So let me offer one rant on Trend #3. If one of the main complaints of the LMSs over the past half-dozen years is that they turned into monolithic learning environments which don’t play well with others, why silo-ize even more? Ok, sure there are security issues, but let’s get busy figuring out this collaboration bit. Wouldn’t the resources be better spent coding for integration and interoperability so we don’t see the emergence of each platform coming up with its own [duplicative] e-portfolio, blog, and version of MySpace?

Is it me? Am I just being cranky today?

Read Full Post »

Minnesota State Colleges and Universities logo 

I went to our annual RSP/ITeach Conference this past Friday. The conference sponsored by the Center for Teaching and Learning (of the Minnesota State Colleges and Universities system), was held last week at Minneapolis Community and Technical College. The conference brought together more than 1100 Minnesota State Colleges and Universities faculty to:

  • Discuss teaching in their disciplines
  • Demonstrate best practices in teaching
  • Present the results of innovative experiments in instructional development and instructional technologies

True to form, the conference was inspiring and provided a great opportunity to network with colleagues.  

I conducted one of the 100+ sessions and am uploading my presentation slides below.

Don’t Get Too Comfortable – the Landscape of eLearning is Changing

Read Full Post »

Ok, another post on virtual worlds and immersive learning environments. Sorry, but this is a huge focus of my work these days, and I’m going to be pit bull-esque on this topic, for a while. 

I just came off of a couple of days this week filled with meetings and discussions having to do with 3D virtual worlds. In fact, I had the pleasure of meeting Chris Melissinos, Sun Microsystems’ Chief Gaming Officer on two occasions this week. I think Chris would describe himself as a gaming parent raising gaming children.

Chris Melissinos  

User AvatarChris’ Avatar

In my attempt to understand the differences among the existing 3D gaming engines, I think I finally have a handle on what distinguishes Sun Mircosystems’ new MPK20 (built on top of the Project Darkstar server infrastructure) from Second Life or the Croquet Project. Although the latter two are considered Open Source, whatever is built in those platforms, stays in those platforms. Conversely, Sun’s MPK20 (geez, that’s a techie name) will use open API’s which means any assets you want to work with (e.g., objects, tools, buildings, your own avatar) will be importable and exportable.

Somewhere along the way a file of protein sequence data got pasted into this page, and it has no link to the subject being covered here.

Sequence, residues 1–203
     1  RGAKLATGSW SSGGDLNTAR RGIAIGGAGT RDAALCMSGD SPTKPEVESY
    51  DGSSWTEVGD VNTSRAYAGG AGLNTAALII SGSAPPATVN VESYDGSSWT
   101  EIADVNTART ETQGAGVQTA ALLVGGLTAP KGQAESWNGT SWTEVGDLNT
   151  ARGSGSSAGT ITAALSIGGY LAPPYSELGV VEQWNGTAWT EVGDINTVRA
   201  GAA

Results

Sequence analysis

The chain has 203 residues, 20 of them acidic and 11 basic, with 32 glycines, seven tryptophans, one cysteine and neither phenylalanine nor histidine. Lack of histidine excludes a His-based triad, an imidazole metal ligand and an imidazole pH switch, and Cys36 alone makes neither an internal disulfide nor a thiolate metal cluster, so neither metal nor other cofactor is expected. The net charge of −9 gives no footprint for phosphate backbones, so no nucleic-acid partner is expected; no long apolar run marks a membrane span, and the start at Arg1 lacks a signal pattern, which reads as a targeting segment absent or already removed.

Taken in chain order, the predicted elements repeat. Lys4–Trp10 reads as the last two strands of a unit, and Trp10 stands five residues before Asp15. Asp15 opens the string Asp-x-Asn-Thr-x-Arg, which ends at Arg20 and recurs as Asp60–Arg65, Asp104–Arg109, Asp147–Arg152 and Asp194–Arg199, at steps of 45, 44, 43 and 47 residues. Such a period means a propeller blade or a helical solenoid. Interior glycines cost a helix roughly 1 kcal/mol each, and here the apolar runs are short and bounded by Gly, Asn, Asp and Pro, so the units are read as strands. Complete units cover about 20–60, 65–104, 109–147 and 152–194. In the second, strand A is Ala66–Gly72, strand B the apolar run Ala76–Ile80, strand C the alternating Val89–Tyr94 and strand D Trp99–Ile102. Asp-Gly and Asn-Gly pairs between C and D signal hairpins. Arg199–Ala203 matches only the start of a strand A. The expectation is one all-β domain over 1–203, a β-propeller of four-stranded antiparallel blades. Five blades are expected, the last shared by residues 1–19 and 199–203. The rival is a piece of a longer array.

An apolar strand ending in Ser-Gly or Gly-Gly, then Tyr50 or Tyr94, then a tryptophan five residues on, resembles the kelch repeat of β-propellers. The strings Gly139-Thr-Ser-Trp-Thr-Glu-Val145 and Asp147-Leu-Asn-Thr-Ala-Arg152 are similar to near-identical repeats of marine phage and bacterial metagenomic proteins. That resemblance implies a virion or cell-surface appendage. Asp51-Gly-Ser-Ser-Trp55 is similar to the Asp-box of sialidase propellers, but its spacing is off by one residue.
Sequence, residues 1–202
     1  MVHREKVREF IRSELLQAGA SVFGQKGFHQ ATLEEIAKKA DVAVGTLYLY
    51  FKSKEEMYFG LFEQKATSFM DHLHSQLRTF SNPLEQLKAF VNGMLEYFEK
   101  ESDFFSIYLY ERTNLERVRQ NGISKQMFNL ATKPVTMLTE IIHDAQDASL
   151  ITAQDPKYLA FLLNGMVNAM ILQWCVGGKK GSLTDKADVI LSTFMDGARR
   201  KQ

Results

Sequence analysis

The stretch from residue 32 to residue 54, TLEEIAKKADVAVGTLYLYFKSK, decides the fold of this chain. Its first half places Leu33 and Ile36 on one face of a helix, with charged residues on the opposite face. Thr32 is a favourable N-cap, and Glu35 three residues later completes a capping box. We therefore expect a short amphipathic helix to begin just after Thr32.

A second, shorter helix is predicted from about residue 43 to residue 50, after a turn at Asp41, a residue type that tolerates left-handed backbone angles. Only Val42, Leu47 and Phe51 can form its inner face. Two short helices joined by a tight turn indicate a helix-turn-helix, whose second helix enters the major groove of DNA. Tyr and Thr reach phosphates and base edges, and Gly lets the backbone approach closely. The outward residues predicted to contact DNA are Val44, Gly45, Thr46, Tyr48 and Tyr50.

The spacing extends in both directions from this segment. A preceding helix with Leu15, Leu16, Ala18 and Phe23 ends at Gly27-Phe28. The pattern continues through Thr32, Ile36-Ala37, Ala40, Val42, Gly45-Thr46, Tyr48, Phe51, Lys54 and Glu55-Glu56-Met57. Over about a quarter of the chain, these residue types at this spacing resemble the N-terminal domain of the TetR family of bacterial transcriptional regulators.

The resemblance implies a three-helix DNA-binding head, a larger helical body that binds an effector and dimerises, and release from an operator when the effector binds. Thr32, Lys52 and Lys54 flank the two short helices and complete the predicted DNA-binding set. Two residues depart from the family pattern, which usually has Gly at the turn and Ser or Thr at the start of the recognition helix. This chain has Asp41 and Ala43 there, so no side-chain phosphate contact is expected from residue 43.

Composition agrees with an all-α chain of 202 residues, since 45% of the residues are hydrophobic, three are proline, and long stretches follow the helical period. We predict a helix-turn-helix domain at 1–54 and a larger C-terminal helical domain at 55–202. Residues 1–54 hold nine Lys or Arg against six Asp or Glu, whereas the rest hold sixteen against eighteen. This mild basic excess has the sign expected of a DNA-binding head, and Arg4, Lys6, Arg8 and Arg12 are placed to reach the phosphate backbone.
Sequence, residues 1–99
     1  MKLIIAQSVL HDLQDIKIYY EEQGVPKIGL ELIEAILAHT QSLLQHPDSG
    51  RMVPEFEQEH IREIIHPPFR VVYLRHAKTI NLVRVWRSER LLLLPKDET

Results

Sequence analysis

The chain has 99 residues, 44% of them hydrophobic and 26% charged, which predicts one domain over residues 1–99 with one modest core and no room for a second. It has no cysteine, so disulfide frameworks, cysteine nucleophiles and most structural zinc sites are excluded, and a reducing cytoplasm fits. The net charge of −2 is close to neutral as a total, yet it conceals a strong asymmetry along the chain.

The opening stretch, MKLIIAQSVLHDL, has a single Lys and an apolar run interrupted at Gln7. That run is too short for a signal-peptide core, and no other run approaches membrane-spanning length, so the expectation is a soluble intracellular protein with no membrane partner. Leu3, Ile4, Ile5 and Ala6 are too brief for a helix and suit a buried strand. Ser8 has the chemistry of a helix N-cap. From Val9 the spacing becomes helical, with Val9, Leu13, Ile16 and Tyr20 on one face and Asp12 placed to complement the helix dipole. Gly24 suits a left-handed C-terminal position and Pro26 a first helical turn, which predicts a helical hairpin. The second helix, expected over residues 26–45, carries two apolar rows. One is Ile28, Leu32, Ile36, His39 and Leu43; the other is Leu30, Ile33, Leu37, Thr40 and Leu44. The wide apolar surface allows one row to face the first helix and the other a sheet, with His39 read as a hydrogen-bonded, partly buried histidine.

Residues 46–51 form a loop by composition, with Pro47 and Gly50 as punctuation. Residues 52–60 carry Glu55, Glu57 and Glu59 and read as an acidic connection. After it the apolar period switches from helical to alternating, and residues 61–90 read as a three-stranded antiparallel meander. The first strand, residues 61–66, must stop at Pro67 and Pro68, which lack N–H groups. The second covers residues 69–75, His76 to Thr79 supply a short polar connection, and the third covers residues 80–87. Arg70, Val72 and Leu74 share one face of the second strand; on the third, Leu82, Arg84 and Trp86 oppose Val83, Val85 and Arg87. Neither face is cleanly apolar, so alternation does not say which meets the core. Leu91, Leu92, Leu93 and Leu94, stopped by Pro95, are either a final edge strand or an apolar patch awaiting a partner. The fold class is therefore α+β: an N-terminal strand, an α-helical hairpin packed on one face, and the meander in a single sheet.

One thing you will be able to do with MPK20 is use other applications right in it.  So distributed teams of people, for example, can gather ’round a kiosk showing a Visio flow diagram or a 3D engineering model. The team can then work on building the model together in this virtual space, talking to each other via VoIP. You might say, well, we can do this presently in existing Web conferencing tools which offer desktop or application sharing, so why do we need to do it in a virtual space? 

I’m not sure I can answer this yet, but Chris would say, the virtual world is a train with no brakes – you can either get on the train or stay on the tracks. That the developers are adding the functionalities we already value, I believe is a good thing. But whether 3D worlds hold positive prospects for you or not, one distinction is worth noting. Instead of being an observer of what’s occurring in one dimensional software programs, with 3D worlds you actually become part of the environment momentarily forgetting about the physical space you occupy. People who are comfortable in these worlds likely will have a leg up on future careers.

The push of the 3D applications among other things, is proof that people are looking for a deeper means of approximating real connection with each other in the digital world. What’s is likely to occur once practiced in multiple 3D spaces is a blurring between one’s real self and one’s virtual self, as people seamlessly use one of their “selves” to meet up with people, transact business, or teach or take courses. Die-hard gamers may already know this phenomenon.

Chris envisions that sooner or later, we will have access to virtual world (VW) identities where we only have to create one avatar which will be universally recognized after logging in. Applications will have layers of security, just as commercial sites have now via https (or the padlock) so we can choose when to render personal information or more importantly, when and how to share information and products such as course curriculum, that we build inside the VW.

Here’s another Sun video, well-worth watching. It’s their new MPK20 virtual workplace demo video, fresh off the virtual cutting floor. (October 2007).

You’ll need Quick Time V7.0 to view it.

Read Full Post »

Older Posts »

Follow

Get every new post delivered to your Inbox.